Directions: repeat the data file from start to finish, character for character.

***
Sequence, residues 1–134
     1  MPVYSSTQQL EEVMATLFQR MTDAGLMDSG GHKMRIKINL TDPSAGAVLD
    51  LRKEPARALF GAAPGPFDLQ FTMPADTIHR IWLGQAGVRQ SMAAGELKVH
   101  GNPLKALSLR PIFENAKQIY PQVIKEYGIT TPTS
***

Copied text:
Sequence, residues 1–134
     1  MPVYSSTQQL EEVMATLFQR MTDAGLMDSG GHKMRIKINL TDPSAGAVLD
    51  LRKEPARALF GAAPGPFDLQ FTMPADTIHR IWLGQAGVRQ SMAAGELKVH
   101  GNPLKALSLR PIFENAKQIY PQVIKEYGIT TPTS